Bryan Turner's writing on citizenship and human rights has placed him at the forefront of sociological research in this area. Over the last three decades his essays and other contributions have led to a fundamental reconsideration of the debate about individual and social rights in social theory. His work compares in its breath and scope with that of his classical forebears, Weber and Durkheim. It offers a contemporary pertinence to questions that go to the heart of the matter, and grasps the fundamental problematics of citizenship and human rights in a globalised and post-Cold War world.
The subjects covered in this major new work include the debate about modern citizenship inspired by T.H. Marshall, the globalisation of human rights, national sovereignty, the relationship between religion and conceptions of rights, participation and exclusion, and the concept of social virtue.
"Bryan Turner's book is a thoughtful discussion of the distinction and interplay between the individual rights of men and the social rights of citizens in a world where globalisation limits the centrality of the nation-state. It is based on his close familiarity with classical and modern social sciences, and outlines his important anti-relativistic theory that sees rights as grounded in the last instance on the frailty of men and institutions." --Raymond Boudon, Académie des Sciences Morales et Politiques, Paris
"Throughout his writings ranging from the early work on citizenship to the latest on vulnerability, there is a commitment to social justice understood in a very simple but profound sense: it is a collective responsibility to care for those who are in need. [...] the scope, breadth and depth of this body of work is outstanding." --From the "Foreword" by Engin F. Isin, The Open University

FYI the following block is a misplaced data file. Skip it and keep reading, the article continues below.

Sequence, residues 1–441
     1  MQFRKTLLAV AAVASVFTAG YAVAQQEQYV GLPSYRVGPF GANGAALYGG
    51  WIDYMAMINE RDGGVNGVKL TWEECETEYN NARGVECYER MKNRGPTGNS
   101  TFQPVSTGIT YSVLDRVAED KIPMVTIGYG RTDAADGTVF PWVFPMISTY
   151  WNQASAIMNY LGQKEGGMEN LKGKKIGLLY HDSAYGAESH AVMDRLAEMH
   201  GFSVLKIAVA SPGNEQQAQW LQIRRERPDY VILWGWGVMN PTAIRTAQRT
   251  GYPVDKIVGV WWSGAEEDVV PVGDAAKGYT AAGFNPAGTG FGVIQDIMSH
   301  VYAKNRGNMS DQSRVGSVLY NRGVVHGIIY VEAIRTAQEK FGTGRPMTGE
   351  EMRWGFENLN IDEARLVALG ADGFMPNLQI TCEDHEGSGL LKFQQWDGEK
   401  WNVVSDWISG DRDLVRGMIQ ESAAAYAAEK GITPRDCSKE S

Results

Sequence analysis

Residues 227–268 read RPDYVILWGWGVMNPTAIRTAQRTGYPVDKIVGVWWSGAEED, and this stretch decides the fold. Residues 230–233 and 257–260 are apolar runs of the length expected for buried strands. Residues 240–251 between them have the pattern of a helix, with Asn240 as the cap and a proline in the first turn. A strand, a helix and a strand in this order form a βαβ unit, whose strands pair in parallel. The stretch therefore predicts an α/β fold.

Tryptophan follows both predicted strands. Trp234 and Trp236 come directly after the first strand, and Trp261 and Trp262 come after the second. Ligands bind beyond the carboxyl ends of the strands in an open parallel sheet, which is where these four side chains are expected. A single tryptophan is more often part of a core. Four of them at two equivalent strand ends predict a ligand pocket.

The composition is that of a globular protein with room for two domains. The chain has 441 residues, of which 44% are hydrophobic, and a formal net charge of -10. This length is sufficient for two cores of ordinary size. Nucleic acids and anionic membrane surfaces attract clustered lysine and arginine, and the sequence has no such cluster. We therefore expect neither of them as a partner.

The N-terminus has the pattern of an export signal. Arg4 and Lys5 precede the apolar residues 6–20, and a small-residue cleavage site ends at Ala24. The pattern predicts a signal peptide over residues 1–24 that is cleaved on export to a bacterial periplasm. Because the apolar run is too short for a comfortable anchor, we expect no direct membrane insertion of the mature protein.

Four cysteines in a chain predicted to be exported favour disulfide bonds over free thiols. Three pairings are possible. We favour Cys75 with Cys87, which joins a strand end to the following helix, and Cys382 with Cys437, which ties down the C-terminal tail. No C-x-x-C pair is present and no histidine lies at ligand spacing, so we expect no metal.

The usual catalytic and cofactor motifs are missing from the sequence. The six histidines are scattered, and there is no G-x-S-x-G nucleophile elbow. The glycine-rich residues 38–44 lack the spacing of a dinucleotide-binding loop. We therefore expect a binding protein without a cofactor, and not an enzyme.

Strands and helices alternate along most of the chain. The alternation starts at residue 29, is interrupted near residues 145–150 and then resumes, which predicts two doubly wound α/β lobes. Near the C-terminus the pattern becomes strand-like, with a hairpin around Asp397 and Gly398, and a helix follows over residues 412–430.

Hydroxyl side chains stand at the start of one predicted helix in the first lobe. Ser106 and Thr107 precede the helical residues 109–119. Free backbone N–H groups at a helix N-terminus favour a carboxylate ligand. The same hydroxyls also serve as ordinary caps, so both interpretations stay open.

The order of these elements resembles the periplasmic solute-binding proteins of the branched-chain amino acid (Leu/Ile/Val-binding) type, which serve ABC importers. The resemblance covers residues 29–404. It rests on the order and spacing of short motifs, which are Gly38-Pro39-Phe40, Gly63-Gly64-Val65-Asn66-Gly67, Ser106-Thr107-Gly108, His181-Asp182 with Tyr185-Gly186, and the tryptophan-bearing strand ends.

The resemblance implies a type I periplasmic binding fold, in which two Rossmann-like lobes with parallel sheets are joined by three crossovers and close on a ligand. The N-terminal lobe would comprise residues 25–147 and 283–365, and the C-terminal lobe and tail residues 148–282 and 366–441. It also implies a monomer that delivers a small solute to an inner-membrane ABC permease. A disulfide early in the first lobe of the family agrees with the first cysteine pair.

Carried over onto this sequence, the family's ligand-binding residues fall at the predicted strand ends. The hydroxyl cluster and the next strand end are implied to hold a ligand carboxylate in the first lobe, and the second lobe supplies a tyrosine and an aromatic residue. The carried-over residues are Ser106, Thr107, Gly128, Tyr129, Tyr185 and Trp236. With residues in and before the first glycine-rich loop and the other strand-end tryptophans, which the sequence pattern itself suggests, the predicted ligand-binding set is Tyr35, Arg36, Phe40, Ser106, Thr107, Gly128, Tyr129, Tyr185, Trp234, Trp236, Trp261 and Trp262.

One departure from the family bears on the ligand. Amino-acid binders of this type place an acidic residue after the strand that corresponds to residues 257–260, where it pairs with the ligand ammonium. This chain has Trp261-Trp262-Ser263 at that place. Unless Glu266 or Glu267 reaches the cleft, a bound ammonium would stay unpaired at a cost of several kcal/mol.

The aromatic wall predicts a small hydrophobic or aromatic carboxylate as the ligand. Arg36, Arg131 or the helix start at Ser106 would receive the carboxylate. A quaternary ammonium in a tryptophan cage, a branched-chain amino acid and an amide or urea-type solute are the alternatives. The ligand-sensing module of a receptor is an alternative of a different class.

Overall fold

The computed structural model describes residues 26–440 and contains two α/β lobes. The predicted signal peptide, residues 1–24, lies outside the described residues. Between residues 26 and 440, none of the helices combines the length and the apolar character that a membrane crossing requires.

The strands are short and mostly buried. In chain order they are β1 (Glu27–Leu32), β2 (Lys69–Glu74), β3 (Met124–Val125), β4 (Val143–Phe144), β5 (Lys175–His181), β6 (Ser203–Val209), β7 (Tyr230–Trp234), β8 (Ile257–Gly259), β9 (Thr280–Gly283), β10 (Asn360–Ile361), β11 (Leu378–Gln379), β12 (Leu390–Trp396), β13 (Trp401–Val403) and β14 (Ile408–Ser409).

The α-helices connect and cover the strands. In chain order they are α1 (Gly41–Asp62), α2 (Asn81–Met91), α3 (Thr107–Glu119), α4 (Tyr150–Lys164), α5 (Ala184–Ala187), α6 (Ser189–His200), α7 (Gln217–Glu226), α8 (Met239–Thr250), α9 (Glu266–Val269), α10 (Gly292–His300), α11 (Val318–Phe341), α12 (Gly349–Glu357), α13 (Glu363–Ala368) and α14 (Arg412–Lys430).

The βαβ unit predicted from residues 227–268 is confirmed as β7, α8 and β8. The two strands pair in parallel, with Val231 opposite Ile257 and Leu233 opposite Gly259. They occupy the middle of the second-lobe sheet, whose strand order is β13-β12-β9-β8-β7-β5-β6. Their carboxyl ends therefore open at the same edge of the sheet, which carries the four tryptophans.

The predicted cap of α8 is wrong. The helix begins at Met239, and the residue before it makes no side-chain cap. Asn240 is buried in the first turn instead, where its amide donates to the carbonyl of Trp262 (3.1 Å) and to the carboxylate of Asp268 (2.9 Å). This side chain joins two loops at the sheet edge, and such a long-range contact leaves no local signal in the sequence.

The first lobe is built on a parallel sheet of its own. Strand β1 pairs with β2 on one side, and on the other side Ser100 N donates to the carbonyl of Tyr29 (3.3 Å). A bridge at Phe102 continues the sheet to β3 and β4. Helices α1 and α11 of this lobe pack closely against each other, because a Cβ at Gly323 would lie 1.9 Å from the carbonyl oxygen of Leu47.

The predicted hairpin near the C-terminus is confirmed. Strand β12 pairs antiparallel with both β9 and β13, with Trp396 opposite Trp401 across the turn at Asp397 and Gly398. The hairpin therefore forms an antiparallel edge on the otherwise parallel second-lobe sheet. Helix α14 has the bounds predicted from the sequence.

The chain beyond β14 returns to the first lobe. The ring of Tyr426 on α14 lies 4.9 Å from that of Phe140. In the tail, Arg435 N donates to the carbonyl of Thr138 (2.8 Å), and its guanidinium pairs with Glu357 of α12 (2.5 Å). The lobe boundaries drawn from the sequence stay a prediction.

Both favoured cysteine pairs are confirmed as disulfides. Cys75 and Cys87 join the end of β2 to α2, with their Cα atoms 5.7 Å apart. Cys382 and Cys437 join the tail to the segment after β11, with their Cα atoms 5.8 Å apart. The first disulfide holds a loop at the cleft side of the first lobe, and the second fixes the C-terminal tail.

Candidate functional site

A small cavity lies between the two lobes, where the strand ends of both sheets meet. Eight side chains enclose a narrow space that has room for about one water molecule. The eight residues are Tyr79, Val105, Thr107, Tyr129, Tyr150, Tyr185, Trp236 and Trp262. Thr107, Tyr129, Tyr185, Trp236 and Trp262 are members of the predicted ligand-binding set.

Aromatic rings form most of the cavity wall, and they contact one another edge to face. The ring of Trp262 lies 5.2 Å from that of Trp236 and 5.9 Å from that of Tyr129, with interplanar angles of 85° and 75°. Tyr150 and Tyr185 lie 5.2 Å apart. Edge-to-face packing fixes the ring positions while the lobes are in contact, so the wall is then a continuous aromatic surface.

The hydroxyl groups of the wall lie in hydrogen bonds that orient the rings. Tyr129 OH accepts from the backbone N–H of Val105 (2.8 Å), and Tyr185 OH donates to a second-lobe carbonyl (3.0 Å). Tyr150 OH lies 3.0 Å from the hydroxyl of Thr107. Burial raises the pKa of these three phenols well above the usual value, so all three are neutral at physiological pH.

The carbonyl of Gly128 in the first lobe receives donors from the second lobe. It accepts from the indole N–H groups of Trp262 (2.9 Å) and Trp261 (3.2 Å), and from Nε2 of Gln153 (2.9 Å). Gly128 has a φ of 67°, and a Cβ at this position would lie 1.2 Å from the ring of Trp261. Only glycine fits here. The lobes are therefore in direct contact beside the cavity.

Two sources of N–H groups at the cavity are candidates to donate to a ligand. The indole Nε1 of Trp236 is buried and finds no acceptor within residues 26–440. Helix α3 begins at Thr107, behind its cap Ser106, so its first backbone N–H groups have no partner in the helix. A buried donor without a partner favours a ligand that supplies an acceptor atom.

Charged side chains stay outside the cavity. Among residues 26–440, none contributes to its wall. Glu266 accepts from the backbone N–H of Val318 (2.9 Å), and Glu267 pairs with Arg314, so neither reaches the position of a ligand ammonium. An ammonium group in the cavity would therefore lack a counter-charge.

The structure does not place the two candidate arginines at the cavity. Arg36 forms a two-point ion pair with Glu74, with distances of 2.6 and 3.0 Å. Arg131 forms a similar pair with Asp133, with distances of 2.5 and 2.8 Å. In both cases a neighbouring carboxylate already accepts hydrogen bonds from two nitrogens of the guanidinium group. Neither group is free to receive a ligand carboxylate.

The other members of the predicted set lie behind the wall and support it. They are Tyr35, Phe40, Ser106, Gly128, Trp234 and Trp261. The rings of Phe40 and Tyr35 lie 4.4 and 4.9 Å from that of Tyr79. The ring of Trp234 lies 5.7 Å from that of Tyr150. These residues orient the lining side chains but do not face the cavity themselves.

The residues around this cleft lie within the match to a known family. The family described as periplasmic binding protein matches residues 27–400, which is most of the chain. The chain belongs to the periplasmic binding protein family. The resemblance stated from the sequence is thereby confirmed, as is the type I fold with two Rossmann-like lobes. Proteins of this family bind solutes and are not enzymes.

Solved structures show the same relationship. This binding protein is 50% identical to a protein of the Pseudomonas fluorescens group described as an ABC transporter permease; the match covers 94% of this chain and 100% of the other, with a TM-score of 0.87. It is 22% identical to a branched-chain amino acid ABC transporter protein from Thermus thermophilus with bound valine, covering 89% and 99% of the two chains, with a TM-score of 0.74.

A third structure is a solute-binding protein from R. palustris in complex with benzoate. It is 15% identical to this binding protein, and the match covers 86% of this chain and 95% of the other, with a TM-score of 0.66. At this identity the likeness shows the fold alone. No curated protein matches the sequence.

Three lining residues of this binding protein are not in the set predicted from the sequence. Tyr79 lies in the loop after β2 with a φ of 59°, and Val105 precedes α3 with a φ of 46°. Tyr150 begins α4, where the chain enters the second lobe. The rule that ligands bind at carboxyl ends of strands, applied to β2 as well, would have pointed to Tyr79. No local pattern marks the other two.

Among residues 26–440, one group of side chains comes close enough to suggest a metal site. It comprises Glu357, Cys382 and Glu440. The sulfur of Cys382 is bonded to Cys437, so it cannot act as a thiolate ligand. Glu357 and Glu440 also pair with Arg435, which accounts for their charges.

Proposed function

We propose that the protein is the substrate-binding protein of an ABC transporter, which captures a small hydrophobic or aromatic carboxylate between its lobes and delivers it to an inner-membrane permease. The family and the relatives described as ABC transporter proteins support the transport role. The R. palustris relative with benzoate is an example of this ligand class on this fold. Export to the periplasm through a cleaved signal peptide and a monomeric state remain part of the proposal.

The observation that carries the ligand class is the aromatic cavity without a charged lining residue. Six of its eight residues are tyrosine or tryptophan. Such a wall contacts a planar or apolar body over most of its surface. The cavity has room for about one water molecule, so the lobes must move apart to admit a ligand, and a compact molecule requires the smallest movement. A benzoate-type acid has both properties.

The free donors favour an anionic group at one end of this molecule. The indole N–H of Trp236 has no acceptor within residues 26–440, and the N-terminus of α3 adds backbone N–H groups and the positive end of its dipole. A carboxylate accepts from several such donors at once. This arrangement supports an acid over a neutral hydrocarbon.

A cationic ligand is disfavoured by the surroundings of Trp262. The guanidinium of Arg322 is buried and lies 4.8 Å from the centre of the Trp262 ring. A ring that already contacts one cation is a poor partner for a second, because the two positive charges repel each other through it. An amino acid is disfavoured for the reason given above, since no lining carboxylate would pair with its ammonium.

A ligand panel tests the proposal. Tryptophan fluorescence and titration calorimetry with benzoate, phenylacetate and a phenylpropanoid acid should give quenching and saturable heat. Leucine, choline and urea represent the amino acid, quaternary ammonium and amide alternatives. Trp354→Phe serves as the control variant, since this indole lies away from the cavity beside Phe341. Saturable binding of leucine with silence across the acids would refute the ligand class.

"An important book, the definitive study of human rights and citizenship in our new, global world. These beautifully written essays trace our vulnerability and its bearing on human rights and citizenship. The colours and sounds of bloody conflicts, its heroes and victims, landscapes and pains, upheavals and disappointments, all weaved together by a masterful hand into a fascinating and tragic web, read with immense admiration and arrested breath." --Natan Sznaider , The Academic College of Tel-Aviv-Yaffo
Introduction: On Individual and Social Rights
CHAPTER 1: Outline of a Theory of Citizenship
CHAPTER 2: The Erosion of Citizenship: Participation and Exclusion in Modern Societies
CHAPTER 3: Outline of a Theory of Human Rights
CHAPTER 4: Global Sociology and the Nature of Rights
CHAPTER 5: Forgetfulness and Frailty: Otherness and Rights in Contemporary Social Theory
CHAPTER 6: The Globalisation of Human Rights: Violence, New Wars and Failed States
CHAPTER 7: Sovereignty and Emergency: Political Theology, Islam and American Conservatism
CHAPTER 8: Capitalism and the Civil Sphere
CHAPTER 9: Volunteering as Virtue
CHAPTER 10: Classical Sociology and Cosmopolitanism: A Critical Defence of the Social
CHAPTER 11: Cosmopolitan Virtue, Globalisation and Patriotism
CHAPTER 12: The Enclave Society: The Social Limits to Cosmopolitanism
About the Author: Bryan S. Turner is Presidential Professor, Ph.D. Program in Sociology at the City
University of New York. He edited the Cambridge Dictionary of Sociology (2006) and
published Vulnerability and Human Rights for Penn State University Press (2006).
He is a research associate of GEMASS (Groupe d’Etude des Méthodes de l’Analyse
Sociologique de la Sorbonne), Paris. He is also the Director of the Centre for the
Study of Contemporary Muslim Societies, University of Western Sydney.
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